COOKING WITH GRANDMA’S CAST IRON COOKWARE A SERIES OF ARTICLES ABOUT REFURBISHING AND USING CASTIRON BY LARRY & BETTY HARMON Part two – Re furbishing, seasoning and maintenance Because of it’s very nature, our much beloved cast iron cookware can get a light haze of red rust on it before you know it. Especially here in the humid deep south. A light haze is readily removed with a scouting pad and cooking oil while the cast iron is warm. Wiping with a white paper towel and light cooking oil will let you know when you have removed it all. Here is a quick 17 second video of the finished and ready to use cookware. A slightly heavier coating of rust may be removed with a more abrasive scouring pad followed by the paper towel wipe down process. Deep pit’s in your cookware can sometimes be addressed with a rotary brush or a grinder. However, it must be remembered that one of cast iron cookware’s most endearing trait’s is that it heats evenly across it’s entire surface. Any thin spots that are made during the restoration process can cause it to burn, discolor and/or stick. Excessive grinding can ruin cast iron leaving you with only a cool display piece. Our favorite seasoning method, except for the seasoning of brand new cast iron, is to deep fry in it, for example, having a fish fry at the end of a camping or fishing trip. Then carefully wiping the cast iron clean while still hot. Keeping the cookware carefully oiled seems to work best and always when warm so that the pores are open to receive and retain the oil. Maintaining that great finish during storage can be tricky, but gets much simpler when it is stored in a temperature/humidity controlled environment. Because we prefer that the outside of our cookery stay campfire ready and some what smutted up, we store and transport our cast iron in heavy coarse fabric shopping bags, making it easier to handle and it keeps the smut from transferring to other things in the storage area. One of Betty’s little tricks for keeping the rust at bay is to collect the desiccant capsules, that we find in many over the counter meds such as antacids, put them in a sock and drop them in the cookware before closing the lid tightly. When the desiccant becomes less effective, she bakes them dry to re-use them.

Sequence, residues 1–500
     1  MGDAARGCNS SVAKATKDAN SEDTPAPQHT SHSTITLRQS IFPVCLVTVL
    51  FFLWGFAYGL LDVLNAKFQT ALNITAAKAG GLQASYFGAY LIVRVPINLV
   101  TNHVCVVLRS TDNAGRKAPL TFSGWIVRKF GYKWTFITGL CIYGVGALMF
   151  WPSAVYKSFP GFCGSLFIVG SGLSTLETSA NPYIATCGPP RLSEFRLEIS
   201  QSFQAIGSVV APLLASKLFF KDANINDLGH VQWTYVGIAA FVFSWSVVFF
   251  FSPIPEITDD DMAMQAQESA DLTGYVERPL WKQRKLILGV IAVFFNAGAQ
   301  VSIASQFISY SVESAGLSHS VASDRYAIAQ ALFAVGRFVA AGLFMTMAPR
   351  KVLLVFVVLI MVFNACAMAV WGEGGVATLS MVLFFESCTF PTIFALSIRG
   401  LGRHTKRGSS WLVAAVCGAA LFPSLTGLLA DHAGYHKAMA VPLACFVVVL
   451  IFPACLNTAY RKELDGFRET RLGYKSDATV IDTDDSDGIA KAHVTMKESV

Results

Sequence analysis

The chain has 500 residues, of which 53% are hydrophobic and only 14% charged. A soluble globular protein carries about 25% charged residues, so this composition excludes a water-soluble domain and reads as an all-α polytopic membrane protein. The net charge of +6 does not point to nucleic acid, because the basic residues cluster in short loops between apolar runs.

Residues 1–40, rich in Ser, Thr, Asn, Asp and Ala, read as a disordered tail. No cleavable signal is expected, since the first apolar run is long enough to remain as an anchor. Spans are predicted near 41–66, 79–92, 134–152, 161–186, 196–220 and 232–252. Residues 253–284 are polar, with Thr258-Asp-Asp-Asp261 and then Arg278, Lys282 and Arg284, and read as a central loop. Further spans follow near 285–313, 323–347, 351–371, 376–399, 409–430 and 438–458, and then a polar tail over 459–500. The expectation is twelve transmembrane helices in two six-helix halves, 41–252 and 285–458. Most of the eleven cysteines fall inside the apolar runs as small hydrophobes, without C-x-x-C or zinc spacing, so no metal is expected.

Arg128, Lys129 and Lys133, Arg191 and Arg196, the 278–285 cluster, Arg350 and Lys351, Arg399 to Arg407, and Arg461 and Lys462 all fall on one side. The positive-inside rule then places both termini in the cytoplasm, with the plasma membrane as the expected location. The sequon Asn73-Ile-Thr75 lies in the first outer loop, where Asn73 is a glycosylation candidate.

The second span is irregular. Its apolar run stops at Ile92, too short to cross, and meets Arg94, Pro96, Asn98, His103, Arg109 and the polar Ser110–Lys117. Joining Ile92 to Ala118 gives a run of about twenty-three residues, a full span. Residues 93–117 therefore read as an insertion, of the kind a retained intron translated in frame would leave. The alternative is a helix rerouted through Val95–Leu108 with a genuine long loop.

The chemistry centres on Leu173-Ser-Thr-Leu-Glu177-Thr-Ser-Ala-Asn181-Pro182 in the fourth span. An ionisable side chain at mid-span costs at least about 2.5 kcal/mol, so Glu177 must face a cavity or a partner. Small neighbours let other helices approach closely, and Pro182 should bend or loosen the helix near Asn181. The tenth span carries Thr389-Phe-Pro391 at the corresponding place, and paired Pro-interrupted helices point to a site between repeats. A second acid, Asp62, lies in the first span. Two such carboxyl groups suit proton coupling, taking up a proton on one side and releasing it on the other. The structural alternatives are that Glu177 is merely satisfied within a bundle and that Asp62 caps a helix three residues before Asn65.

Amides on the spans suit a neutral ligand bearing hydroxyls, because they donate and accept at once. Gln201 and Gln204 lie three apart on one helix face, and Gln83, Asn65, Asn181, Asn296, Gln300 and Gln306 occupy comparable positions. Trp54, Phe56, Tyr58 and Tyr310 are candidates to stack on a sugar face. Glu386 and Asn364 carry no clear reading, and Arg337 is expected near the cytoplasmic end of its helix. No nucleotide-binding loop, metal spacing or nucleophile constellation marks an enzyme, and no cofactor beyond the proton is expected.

Saturday, September 5, 2015